Updated March 3, 2021
With e-bikes now very much part of cycling's mainstream, more and more are becoming available at affordable prices as production ramps up and there are even plenty that now come in at around £1,000.
Just a few years ago e-bikes would have been out of the question if your budget was limited to around a grand, unless you were prepared to accept unknown brands of dubious quality. But an increasingly competitive market and a rise in popularity mean there is now quite a bit of choice when it comes to e-bikes for around or under £1,000 from companies you've actually heard of.
All that said, you're going to have to accept that there will be some trade-offs with an e-bike if you're spending a grand. If your budget stretches a little bit further, take a look at our buyer's guide to e-bikes from £1,000 to £2,000.
11 of the best e-bikes around £1,000
- Fiido D11 — £737.29
- Rad Power RadRunner – €1,199.00
- B’Twin Elops 900 E Step Over – £999.99
- Gtech Sport Electric Hybrid – £995.00
- Rockrider e-mountain bike E-ST500 – £1,199.99
- Falcon Serene – £899.00
- Carrera Subway E – £1,099.00
- Halfords Assist – £549.00
- BTwin Tilt 500 Folding – £899.99
- Dawes Arc II Folding 2020 – £1,199.00
An e-bike for about £1,000 will usually have an aluminium frame - when it comes to mass-production of affordable bikes, alloy reigns supreme nowadays. More expensive e-bikes might have carbon frames, and although steel-framed e-bikes are less common, they do exist and will usually cost more than a grand - the Dawes Falcon Serene (mentioned below) is an exception. That said, forks on budget bikes are sometimes made of chromoly steel (as on the Carrera Subway E pictured above) but alloy is still a common option.
Cheaper e-bikes (and their components) will also be heavier than lighter and more luxurious models. An electric hybrid or e-mountain bike will most likely weigh considerably more than 20kg, which is something to consider if you might have to carry your bike in and out of the house/wherever you store it regularly.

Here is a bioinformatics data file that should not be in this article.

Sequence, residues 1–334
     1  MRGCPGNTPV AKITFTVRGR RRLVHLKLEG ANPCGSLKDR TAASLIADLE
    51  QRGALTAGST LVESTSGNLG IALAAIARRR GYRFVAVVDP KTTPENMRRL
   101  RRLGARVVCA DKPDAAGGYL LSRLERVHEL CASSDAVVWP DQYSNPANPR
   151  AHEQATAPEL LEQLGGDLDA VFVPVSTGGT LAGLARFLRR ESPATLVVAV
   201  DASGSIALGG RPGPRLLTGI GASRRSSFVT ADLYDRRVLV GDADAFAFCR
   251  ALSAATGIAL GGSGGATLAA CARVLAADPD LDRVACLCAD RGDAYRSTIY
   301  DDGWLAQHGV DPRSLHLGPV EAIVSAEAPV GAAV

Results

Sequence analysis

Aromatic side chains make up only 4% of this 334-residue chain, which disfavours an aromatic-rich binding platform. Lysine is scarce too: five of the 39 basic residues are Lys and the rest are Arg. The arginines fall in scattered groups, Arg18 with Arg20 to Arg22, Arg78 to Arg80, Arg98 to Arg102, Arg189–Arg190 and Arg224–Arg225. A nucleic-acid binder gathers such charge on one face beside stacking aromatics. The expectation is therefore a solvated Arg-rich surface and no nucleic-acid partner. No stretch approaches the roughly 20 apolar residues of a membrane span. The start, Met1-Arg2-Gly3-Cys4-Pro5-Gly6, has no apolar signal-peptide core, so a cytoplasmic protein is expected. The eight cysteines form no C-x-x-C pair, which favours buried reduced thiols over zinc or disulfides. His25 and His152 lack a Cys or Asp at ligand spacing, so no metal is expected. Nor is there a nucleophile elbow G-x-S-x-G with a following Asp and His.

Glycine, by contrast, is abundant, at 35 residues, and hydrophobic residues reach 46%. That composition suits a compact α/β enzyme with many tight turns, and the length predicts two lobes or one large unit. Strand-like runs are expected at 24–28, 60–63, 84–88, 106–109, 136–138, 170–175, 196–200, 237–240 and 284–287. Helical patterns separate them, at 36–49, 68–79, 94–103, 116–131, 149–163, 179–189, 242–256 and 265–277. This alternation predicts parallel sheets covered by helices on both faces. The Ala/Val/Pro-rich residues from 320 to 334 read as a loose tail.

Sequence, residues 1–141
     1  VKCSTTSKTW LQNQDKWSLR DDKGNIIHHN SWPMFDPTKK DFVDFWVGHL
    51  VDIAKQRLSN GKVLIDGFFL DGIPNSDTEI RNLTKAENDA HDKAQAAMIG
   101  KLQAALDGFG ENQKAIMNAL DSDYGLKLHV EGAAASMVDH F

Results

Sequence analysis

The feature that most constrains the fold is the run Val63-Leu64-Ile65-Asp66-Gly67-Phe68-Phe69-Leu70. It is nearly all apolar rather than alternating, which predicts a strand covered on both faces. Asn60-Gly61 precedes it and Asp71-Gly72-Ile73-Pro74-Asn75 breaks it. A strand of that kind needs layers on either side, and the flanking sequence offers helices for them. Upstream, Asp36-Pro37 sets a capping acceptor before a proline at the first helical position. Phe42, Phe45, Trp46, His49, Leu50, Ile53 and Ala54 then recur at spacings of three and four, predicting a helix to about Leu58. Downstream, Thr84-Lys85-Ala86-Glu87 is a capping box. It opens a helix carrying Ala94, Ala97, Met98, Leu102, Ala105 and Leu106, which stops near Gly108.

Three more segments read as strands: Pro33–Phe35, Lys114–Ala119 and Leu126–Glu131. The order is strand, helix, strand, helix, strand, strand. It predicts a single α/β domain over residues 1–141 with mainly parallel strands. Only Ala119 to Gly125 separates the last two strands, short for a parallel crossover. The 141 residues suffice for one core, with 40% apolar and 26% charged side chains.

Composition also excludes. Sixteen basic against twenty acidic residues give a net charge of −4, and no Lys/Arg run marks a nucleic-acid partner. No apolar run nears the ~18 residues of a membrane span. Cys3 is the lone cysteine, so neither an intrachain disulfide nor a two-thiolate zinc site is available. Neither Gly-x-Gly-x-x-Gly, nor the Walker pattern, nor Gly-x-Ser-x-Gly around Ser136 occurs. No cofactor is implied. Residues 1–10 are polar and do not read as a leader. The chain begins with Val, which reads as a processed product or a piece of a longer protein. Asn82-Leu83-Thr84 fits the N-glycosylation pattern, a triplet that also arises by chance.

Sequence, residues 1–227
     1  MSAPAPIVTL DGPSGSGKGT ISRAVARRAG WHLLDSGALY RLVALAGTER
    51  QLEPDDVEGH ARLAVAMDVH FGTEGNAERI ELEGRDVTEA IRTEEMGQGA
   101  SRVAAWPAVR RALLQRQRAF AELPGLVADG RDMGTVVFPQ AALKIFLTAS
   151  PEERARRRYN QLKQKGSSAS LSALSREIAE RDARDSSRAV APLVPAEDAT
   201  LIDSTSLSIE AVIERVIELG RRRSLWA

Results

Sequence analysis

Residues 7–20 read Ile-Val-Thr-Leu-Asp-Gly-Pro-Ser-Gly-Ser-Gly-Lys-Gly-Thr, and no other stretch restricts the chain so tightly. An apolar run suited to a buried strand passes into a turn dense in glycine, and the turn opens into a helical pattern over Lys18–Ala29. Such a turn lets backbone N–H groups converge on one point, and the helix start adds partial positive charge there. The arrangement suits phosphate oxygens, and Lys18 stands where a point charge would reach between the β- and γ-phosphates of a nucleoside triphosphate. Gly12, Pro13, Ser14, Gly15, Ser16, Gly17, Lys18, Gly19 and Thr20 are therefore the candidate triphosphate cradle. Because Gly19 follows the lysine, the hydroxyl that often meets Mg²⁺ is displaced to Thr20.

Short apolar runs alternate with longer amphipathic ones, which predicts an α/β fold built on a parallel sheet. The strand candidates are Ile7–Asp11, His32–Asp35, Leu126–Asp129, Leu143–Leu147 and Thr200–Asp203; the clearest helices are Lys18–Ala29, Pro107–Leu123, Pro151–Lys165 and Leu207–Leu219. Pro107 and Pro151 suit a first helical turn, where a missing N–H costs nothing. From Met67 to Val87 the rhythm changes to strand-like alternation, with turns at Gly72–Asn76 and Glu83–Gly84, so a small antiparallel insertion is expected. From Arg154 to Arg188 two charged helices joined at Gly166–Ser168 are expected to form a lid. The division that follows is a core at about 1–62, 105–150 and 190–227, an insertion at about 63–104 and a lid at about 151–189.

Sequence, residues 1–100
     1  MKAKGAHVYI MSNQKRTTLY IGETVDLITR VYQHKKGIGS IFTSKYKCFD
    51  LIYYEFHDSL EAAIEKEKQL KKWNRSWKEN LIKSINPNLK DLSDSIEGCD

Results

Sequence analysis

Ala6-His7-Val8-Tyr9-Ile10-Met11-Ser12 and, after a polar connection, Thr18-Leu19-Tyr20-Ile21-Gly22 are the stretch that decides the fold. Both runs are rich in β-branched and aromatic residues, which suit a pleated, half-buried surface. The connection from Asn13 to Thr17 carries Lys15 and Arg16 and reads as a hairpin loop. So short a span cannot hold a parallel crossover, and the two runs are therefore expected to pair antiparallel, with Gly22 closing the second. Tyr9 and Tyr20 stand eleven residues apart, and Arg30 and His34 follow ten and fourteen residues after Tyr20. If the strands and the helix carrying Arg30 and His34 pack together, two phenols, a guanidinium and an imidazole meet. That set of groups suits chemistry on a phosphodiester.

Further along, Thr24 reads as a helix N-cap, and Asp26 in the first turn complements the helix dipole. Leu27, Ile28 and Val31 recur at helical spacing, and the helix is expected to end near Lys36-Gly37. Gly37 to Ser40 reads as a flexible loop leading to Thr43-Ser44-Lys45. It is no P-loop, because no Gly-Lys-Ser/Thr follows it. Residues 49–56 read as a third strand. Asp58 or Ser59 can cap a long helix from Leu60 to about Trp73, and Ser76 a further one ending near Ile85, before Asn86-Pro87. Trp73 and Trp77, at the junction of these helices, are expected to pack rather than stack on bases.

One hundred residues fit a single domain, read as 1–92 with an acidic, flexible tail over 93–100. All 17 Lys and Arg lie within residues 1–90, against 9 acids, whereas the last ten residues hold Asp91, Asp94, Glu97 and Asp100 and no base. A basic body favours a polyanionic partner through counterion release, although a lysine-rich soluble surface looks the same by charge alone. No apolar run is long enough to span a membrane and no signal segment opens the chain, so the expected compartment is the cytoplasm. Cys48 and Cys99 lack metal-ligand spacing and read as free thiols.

For maximum stopping power, hydraulic disc brakes are the golden ticket nowadays and are almost guaranteed to feature on any e-mountain bike or hybrid costing over £2,000. In our price bracket, you're going to have to compromise. The G Tech Sport Hybrid shown above features V-brakes - less hassle to adjust than a cantilever, and a cheaper option than all-in-one caliper rim brakes. Mechanical disc brakes feature on numerous e-mountain bikes and hybrids in Decathlon's B'Twin and Rockrider ranges and also on the Carrera Subway E and Crossroad E, but on super budget e-bikes you're invariably going to get rim braking. They're perfectly fine for most types of riding and have been the brake type of choice for years up until recently; they're just not as powerful as disc brakes which may come in handy if you enjoy ripping around trails.
On these e-bikes, you're guaranteed to find the motor in either the rear or front hub (usually the rear). Mid-motors are pricier, starting on e-bikes from around £1,500 up. As we're still governed by the EU laws on e-bike assistance (for now anyway) the maximum you're going to get is 250 watts of power that cuts out at 25km/h, regardless of how expensive your bike is. The motor might not feed your assistance in quite so smoothly as on more expensive variations when you pedal, but you're still technically getting the same assistance as you would get on e-bikes that cost ten times as much.